Tuesday, July 6, 1999

For Gene Ward, there’s
no place like home

The former state legislator narrowly escapes
violence while consulting in Angola

By Crystal Kua


For former state House Minority Leader Gene Ward, returning home on Independence Day from the war-torn African nation of Angola was a stark reminder of what people in America sometimes take for granted.

"It makes you appreciate some very basic things ... freedom, democracy and, most of all, how we've been able to keep peace," Ward said yesterday.

On the streets of the capital city of Luanda last week, a car occupied by Ward, five other Americans and an Angolan driver was surrounded by a group of youths armed with guns.

"It was spooky. It was a very tense time."

Angola, located along the southwestern coast of Africa, has endured years of civil war between government and rebel forces.

Ward, who gave up his Hawaii legislative seat in an unsuccessful bid for Congress last year, said he spent a week in Africa, training members of the Angolan parliament on how to prepare and fund a budget, as part of the U.S. State Department's democracy projects.

Ward said he was selected to go because of his experience as a legislator and a member of a minority party, and his time on the House Finance Committee.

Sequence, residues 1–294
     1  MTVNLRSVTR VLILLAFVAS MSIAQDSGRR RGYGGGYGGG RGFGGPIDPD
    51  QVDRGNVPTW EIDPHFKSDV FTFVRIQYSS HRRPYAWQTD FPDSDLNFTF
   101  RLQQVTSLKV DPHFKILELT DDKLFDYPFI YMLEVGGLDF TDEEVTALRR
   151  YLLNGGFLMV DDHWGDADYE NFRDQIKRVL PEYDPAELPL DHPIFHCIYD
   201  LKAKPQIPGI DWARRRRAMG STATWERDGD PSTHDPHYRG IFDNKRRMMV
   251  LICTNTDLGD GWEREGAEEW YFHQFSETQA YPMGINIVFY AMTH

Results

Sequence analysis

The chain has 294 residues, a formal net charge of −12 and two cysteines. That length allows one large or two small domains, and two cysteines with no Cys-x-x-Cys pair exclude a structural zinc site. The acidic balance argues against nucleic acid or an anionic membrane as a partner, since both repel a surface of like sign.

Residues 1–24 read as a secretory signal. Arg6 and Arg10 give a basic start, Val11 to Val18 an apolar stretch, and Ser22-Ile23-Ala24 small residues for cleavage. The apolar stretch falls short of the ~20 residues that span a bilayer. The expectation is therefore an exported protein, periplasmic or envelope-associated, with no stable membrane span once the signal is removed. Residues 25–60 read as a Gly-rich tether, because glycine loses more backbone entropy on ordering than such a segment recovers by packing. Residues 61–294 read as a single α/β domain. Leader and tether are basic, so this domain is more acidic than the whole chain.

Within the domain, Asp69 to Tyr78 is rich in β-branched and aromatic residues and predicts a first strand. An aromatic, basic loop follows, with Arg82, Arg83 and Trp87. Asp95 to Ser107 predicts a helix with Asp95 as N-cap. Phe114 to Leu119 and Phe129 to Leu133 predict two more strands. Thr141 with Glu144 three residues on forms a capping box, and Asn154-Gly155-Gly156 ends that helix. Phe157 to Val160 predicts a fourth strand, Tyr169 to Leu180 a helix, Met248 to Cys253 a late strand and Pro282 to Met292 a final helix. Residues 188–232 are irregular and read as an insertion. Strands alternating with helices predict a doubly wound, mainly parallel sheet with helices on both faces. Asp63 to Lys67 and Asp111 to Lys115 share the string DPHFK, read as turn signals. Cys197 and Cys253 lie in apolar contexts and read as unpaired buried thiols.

Last Thursday, he and members of his group left a restaurant in a resort-like section of the city after finishing dinner.

"On the way back from the restaurant, the driver screeched and went off to the right."

The driver had struck a man who had darted in front of the car, Ward said.

"We went to see what his condition was," Ward said. "Then there was this sudden mob that appeared with two people with guns."

Ward said the estimated 15 youths "materialized from the dark out of nowhere" and surrounded the car, pounding the vehicle and jeering.

At one point one of the men in the car asked, "Does anyone know how to pray?" Ward responded that he did. "It was a prayer for protection."

Ward said the leader of his party and the driver were able to negotiate a safe escape by showing their American passports.

They went to a nearby hotel where they reported the incident to police and then eventually to the U.S. embassy.

In May, Ward wrapped up a four-month stint as chief of staff to Rep. Mark Moses (R, Kapolei) so he could become vested in the state's retirement plan.

Ward said he is now a self-employed consultant.

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